Spindrift 2 Departs On Jules Verne Record Challenge
Published: Tuesday, 24 November 2015
The trimaran Spindrift 2 has departed from Ushant Island, France for the start of her crewed non-stop circumnavigation in the Jules Verne Trophy record challenge.
Skippers and Co-founders Dona Bertarelli and Yann Guichard along with the Spindrift 2 crew, will sail around-the-world in an effort to break the current record of 45 days, 13 hours and 42 minutes.
Loïck Pevron and his crew hold the current record on Banque Populaire V, later renamed Spindrift 2.
Yann Guichard spoke on the radio during the night, just after crossing the line: “We don’t have much wind at the moment – eight to 10 knots. The sea conditions are not easy because there is a strong current, but the wind will pick up strength, reaching around 30 knots in the Bay of Biscay. So, it’s a steady start at 15-18 knots. We’re delighted to have crossed the line on November 22nd, the same date that Loïck Peyron and his crew started their record, so I hope it’s a good omen for us. Right now, we’re all out on deck, manoeuvring the boat to get away from Ushant Island as quickly as possible so we can pick up some stronger, more consistent winds.”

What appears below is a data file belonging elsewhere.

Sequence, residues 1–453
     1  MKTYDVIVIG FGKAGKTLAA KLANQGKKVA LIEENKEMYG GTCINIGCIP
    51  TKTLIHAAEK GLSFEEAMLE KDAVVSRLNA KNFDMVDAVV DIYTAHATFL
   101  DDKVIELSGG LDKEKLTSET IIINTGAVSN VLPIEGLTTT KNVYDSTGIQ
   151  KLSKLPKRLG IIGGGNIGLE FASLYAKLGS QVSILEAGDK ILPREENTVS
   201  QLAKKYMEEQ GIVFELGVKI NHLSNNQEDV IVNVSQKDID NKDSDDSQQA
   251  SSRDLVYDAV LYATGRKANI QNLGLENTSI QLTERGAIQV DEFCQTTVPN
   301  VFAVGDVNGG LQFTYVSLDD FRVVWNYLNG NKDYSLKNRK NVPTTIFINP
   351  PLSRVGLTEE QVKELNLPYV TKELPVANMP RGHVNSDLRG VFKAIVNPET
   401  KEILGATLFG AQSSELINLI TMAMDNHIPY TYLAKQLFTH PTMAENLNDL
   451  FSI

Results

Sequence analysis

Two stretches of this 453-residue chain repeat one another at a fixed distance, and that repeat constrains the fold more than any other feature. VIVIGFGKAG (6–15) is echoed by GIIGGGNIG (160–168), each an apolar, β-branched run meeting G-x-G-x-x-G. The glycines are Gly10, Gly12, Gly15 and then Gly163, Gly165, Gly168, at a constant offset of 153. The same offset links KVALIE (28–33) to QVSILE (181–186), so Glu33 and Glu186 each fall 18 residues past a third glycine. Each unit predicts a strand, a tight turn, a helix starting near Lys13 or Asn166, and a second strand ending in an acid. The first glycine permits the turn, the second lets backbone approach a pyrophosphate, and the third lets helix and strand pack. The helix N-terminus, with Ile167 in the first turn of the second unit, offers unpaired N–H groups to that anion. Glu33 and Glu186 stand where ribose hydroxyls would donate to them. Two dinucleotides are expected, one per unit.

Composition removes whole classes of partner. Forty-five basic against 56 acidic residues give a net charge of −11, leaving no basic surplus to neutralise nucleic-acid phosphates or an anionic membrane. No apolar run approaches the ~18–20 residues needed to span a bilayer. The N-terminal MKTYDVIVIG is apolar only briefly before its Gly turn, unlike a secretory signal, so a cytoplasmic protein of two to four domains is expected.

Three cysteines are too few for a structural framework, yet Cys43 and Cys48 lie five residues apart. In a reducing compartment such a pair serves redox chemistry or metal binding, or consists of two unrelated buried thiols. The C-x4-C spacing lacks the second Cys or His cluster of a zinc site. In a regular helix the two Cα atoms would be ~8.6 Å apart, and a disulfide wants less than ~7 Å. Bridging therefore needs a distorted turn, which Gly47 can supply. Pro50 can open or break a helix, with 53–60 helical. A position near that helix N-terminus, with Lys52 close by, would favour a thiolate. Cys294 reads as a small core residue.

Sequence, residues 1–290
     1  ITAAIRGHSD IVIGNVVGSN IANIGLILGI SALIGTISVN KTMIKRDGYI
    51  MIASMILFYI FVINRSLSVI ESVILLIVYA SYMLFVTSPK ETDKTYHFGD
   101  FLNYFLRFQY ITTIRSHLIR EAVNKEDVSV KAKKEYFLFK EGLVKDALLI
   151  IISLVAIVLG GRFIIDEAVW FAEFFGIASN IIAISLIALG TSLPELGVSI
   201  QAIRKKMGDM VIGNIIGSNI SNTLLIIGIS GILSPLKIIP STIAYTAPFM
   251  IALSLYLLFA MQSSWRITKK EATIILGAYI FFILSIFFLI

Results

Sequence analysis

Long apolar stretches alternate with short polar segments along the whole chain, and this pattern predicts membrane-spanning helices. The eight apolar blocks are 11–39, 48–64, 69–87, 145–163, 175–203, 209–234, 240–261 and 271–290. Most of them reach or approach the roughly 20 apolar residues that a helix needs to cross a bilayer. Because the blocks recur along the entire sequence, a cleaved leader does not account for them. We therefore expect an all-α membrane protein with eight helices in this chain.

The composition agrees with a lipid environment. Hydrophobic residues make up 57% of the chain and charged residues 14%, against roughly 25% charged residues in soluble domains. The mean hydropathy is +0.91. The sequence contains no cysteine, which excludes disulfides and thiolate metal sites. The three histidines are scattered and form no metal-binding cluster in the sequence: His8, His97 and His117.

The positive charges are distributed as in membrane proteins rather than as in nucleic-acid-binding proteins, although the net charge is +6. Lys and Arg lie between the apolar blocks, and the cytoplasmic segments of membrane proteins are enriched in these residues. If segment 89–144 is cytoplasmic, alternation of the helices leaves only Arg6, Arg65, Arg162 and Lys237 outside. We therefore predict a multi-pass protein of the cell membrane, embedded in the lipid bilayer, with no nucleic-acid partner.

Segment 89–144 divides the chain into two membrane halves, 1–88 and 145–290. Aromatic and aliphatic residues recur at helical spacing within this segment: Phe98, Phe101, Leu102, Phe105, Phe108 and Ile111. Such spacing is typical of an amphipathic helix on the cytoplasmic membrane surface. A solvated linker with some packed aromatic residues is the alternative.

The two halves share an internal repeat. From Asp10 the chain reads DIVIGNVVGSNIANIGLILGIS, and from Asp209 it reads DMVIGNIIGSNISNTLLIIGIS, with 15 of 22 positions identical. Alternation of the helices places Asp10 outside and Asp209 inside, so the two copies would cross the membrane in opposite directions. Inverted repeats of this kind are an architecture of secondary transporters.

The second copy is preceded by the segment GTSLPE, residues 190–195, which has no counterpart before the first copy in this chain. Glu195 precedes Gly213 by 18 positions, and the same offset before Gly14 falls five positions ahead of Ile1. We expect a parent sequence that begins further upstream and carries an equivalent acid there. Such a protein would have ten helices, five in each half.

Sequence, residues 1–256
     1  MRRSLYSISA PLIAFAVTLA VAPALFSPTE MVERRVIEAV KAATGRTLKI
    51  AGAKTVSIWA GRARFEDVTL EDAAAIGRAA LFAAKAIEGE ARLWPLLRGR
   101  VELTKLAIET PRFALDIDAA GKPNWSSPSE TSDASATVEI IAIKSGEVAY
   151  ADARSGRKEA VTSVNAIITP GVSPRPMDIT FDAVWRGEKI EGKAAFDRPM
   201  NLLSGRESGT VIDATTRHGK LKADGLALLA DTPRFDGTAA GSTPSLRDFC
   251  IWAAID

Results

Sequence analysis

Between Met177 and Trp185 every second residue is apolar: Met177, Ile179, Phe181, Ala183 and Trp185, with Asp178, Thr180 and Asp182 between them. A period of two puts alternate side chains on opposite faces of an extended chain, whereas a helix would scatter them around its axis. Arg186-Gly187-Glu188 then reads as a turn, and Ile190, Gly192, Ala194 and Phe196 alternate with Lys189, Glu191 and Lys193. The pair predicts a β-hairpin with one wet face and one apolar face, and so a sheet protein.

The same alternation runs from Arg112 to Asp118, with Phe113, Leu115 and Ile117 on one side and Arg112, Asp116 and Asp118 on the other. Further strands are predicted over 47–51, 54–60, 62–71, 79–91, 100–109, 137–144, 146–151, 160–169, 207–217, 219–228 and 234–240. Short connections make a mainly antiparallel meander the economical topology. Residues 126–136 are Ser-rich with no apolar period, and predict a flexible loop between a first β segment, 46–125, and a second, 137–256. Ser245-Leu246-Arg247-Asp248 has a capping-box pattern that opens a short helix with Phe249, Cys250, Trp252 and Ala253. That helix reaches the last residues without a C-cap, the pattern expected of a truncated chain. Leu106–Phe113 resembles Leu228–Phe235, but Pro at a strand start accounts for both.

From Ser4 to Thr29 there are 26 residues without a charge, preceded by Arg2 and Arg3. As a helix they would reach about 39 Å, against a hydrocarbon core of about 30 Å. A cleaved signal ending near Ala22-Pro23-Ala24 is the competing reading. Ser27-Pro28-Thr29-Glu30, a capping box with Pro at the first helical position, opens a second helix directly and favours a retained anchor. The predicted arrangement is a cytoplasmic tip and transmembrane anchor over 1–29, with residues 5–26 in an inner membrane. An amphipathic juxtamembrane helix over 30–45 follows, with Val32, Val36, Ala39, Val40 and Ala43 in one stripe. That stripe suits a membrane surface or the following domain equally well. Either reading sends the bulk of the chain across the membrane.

To beat the record, Spindrift 2 must return to Ushant before 17:43:51 GMT on January 6th, 2016, one minute quicker than the previous time, as per the WSSRC rules.
Between now and then, the 14 sailors must sail around the world via the three capes (Good Hope, Leeuwin and Horn) on the world’s largest racing trimaran.
Onshore router Jean-Yves Bernot will support the crew by operating throughout the day from his headquarters near La Rochelle, France. Jean-Yves will keep a close eye on the boat and on the latest weather updates, which will allow him to work with Guichard and onboard navigator Erwan Israel to identify the best route to follow.
The team officially went on stand-by on October 19, awaiting an ideal weather window.
Those interested in following the record attempt from start to finish are able to do so through a smartphone, tablet, or computer on the crew’s dedicated website. Photos, messages, videos, as well as environmental data and distance covered will be posted regularly on the site.